Maybe you're not a morning person. Maybe you're deep in thought about what's ahead and not attuned to your surroundings. Maybe it wasn't something that was important to do around your house when you were growing up. But greeting people when you first see them each day is a show of respect. It says to an individual that you "see" them--meaning you acknowledge their presence, that they exist, and that they are important enough to address.
This issue comes up regularly when I am conducting internal customer service and self-awareness training sessions. For many, saying hello to a colleague first thing in the morning isn't a big thing. But for others, it's everything. Those who believe it matters are usually offended by the dismissive response they get from a coworker who walks through the office and passes their office or desk and never looks in their direction. They are particularly irritated when they offer a greeting first and the other person doesn't respond. They feel overlooked, minimized, neglected. It's very much psychological. It's about how we think others see us. And if we think they see us as insignificant, we feel disrespected. Especially if we have a high degree of respect for ourselves.
For those who don't care whether they get a greeting or not, they think the other side is making much ado about nothing. They weren't raised to walk into a room and say "good morning" or "good afternoon" so it doesn't mean as much to them. They tell me that they aren't trying to be disrespectful and don't see the lack of the gesture as being rude. It's not personal with them. They will make the effort when it's brought to their attention, but in the grand scheme of their day, saying hello when they walk through the door isn't a priority. Getting coffee is!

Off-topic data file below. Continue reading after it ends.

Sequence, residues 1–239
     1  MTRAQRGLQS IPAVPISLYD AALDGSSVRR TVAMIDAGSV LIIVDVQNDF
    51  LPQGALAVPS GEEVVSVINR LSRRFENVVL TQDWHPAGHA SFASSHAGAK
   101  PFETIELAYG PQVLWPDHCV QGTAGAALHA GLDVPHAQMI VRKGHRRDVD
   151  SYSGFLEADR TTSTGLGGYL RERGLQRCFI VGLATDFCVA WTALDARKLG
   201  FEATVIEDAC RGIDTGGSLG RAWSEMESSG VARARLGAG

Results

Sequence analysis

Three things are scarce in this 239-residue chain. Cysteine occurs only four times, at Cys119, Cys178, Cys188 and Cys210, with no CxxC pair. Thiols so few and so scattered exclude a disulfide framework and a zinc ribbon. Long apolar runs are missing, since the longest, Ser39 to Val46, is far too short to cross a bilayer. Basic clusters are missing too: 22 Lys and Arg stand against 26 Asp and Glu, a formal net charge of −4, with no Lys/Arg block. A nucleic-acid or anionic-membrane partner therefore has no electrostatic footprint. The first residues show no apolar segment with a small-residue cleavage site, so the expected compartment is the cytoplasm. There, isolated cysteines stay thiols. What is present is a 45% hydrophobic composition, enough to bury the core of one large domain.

In an office setting, however, the act of not "speaking" to a person when they are first encountered can damage professional relationships. Coworkers want to feel that they matter. To be disregarded in something as simple as a greeting indicates to the person being ignored that their existence is unimportant--so unimportant that they don't deserve the smallest of acknowledgements. In the south where good manners determine how you were raised, the negligence of a greeting carries even greater weight and may even call into question the quality of your upbringing.
When I've seen heated exchanges among team members at work about this topic, I've often found that the behavior is split down cultural and regional lines. It's not just how a person was raised but also where they were raised that distinguishes the opposing views. According to the participants, greetings are usually a behavior that starts from early rearing. It becomes a requirement (or not) in the home, so by the time a person reaches adulthood, it is a common practice. For those who don't follow this practice, they say it wasn't something emphasized in their home. For those who do follow the practice, it is a hard habit to break. Not that they want to. They believe acknowledging others is polite, shows kindness, and warms up interactions as much as a smile does.
As a matter of resolution, I usually advise those who don't regularly offer greetings (especially managers and supervisors) to weigh the importance of doing it versus not doing it. It only takes two seconds or less--literally. Good morning. Good afternoon. Hello. A nod of the head and a smile. If it matters to the other side but not to you, then what is it costing you? Put the needs of your coworkers first. Do what builds better relationships. The antithesis, however, does bring a cost and it looks like this: an undercurrent of resentment between managers and direct reports, a wedge between coworkers because the greeting that could conjoin them doesn't exist, and a loss of respect for the offending party. Remember, respect is earned, not always automatically given. But automatically giving a greeting can certainly earn respect. Try it.